you’re right about the top speed but all the teams have to option to increase or decrease their straight line speed. hamilton simply set his car up to have that speed advantage because he knew how to use it. vettel went for a downforce advantage because he thought he could use it and couldn’t. i don’t think you’re saying anything bad about hamilton and i haven’t said anything bad about any driver either. simply telling the truth.

      5. Kbdavies says:

        So he should have passed on the corners where his car is faster…right?? Hamilton managed to do it twice!

      6. David C says:

        Hamilton passed by getting alongside on the DRS zone, something a car with a slower speed on the straight couldn’t do.

      7. Kbdavies says:

        @Dave C – Erm….there is no DRS at Turn 3, where he overtook Webber. Twice. And Turn 3 is not a “straight”.

      8. Kingszito says:

        These teams set up their cars according to their respective strengths with little compromise. If Vettel had had straight line speed he might not have qualified better than he did. These guys are professionals so they know the pros and cons of every circuit and they set up their cars accordingly. Mercedes was the best suited car for Hungary end of the whole story. If Hamilton had Vettel’s cornering speed, the race would have still ended with the same result.

      9. David C says:

        I know this all I was saying was that the reason SV struggled to pass was his straight line speed, you could put FA in a marussia but that car isn’t able to pass for example a force India on the straight regardless of driver and it’s the same with Renault v Merc in a drag race.

      10. Kbdavies says:

        @Dave C – Last time i checked, the Red Bull of Vettel and the Lotus of Raikkonen both have the same engine in them – yet Vettel could not pass Kimi on fresh tyres, though Kimi had 13 lap old tyres – for 15 laps! The Renault engine does not suffer from a straight line speed deficiency; as both Lotus’s reglarly top the speed traps. It is simply down to the way RBR prefer to setup their cars.Why is this so difficult to understand??

      11. Andrew says:

        He’s still right though isn’t he? Vettel didn’t drive as well as Hamilton.

        RB set up their car for quali but Vettel failed to beat Hamilton to pole position (because Hamilton drove better). RB then paid the price for Vettel’s failure in the race because, unlike RB, Merc hadn’t compromised race performance for qualifying position.

      12. David C says:

        Team Merc including their driver won the day and to the victor go the spoils and it was a great win by Merc and Lewis but all I was saying in fact all I was doing was taking James point wich was that it was easier for LH to pass than SV, and as for quali….. Any race where Merc are not on pole is a shock, their car is clearly the quickest over one lap, LH on pole is as amazing as when go the shop for milk.

      13. Kbdavies says:

        @Dave C – I have top call you out on this again. Merc does NOT have the fastest car. They share that honour with Red Bull. Vettel posted the fastest combined sectors of anybody in quali, which suggest he had the car for pole. He even admitted this. Lewis simply drove better in Q3, despite Vettel having 2 runs on new tyres. Red Bull also posted the 2 fastest laps of the race, and the fastest sector of anybody in the race.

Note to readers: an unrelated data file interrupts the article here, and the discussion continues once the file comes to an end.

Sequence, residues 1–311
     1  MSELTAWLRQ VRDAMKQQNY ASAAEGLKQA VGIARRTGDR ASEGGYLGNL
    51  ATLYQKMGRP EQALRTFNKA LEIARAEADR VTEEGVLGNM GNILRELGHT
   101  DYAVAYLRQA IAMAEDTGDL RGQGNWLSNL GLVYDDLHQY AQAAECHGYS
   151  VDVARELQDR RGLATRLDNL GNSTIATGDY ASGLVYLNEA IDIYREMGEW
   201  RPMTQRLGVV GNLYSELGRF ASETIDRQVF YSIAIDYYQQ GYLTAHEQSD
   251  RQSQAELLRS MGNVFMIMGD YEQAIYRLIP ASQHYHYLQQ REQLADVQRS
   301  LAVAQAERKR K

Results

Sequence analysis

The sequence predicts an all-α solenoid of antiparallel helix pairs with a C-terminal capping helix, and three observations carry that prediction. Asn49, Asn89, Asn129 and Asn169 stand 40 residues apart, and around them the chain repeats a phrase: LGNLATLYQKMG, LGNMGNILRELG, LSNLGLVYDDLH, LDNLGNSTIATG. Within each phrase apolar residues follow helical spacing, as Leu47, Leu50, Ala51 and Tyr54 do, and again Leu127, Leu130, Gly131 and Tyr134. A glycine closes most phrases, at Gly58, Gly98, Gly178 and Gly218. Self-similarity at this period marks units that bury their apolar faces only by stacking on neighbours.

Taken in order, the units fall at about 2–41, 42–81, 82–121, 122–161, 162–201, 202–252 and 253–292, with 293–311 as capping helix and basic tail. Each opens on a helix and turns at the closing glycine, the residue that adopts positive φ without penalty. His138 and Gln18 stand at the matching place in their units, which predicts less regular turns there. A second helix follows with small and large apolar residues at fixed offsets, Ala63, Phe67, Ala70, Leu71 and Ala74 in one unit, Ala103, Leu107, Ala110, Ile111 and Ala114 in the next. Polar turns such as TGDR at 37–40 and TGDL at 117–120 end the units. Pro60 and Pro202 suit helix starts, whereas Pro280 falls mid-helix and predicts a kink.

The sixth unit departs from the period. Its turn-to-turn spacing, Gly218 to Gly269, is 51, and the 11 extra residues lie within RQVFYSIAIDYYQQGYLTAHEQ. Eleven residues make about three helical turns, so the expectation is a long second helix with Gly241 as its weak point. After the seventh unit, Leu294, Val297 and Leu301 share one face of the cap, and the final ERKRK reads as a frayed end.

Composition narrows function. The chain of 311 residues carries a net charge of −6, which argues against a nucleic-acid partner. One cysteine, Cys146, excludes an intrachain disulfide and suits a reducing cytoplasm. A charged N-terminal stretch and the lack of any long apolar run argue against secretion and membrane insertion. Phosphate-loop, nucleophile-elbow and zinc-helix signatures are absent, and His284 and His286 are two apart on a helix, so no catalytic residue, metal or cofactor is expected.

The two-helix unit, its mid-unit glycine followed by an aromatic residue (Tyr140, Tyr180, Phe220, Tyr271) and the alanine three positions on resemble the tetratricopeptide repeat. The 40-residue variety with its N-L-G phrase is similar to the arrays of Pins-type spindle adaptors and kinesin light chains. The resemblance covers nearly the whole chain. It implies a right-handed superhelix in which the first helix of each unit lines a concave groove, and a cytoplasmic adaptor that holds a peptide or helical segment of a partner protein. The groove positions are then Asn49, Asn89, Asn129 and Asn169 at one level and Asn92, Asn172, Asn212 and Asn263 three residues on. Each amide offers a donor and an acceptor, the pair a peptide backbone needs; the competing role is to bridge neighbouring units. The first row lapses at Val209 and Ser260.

So how is it possible that Merc have the fastest car??

        Vettel has the same number of poles as Rosberg, with Lewis just edging them both. This again suggests that the Red Bull (in Vettels hands) is every bit as fast as the Merc (in Rosberg’s hands) and Lewis is simply extracting just a little bit more from it. Remember he beat Vettel to pole by 400ths of a sec. NO car is 4/100ths of a second faster than another. That kind of margin is due to the driver.

      14. aveli says:

        i am not missing the point at all. mercedes and hamilton chose to set up their car with that top speed. vettel and red bull chose their settings and hamilton drove superbly to win the race while hamilton failed to drive well enough to win the race for whatever reason. the tidle of this article doesn’t sound right.
        hamilton passed drivers because he could and vettel failed to pass because he couldn’t, simple as that.

      15. David C says:

        You implied the difference was the man and not the team, Merc and Lewis drive a great race, all I was trying to say was that team RBR and SV were at a disadvantage on straight line speed and as such found it more difficult to pass

      16. aveli says:

        david, the team made a difference but the team had two cars on the grid. from that you can work out the major factor, the man.

    2. Elie says:

      Agree – there was no one about to beat him on Sunday- I think that was clear.Perhaps Grosjean had the pace but not the smarts or the poise

      1. aveli says:

        elie, am glad you can see the truth. listen to the sound bite to this video for the lengthy explanation of why hamilton is able to drive the way he did. the reason was his lengthy experience in racing but the fact was he was a rookie up against the youngest ever back to back double world champion.
        http://www.youtube.com/watch?v=3MeTHySzddY

      2. Elie says:

        Having a car as fast as the Red Bull is the answer

    3. Simon says:

      +1 Aveli, your comments are most illuminating! And you are right about Hamilton being the best driver of all time in any motorsport—-past, present, future, full-stop.

      1. nandon says:

        I sure hope that’s sarcasm otherwise I feel sorry for you as it sounds like you guys are in some sort of blind worship mode.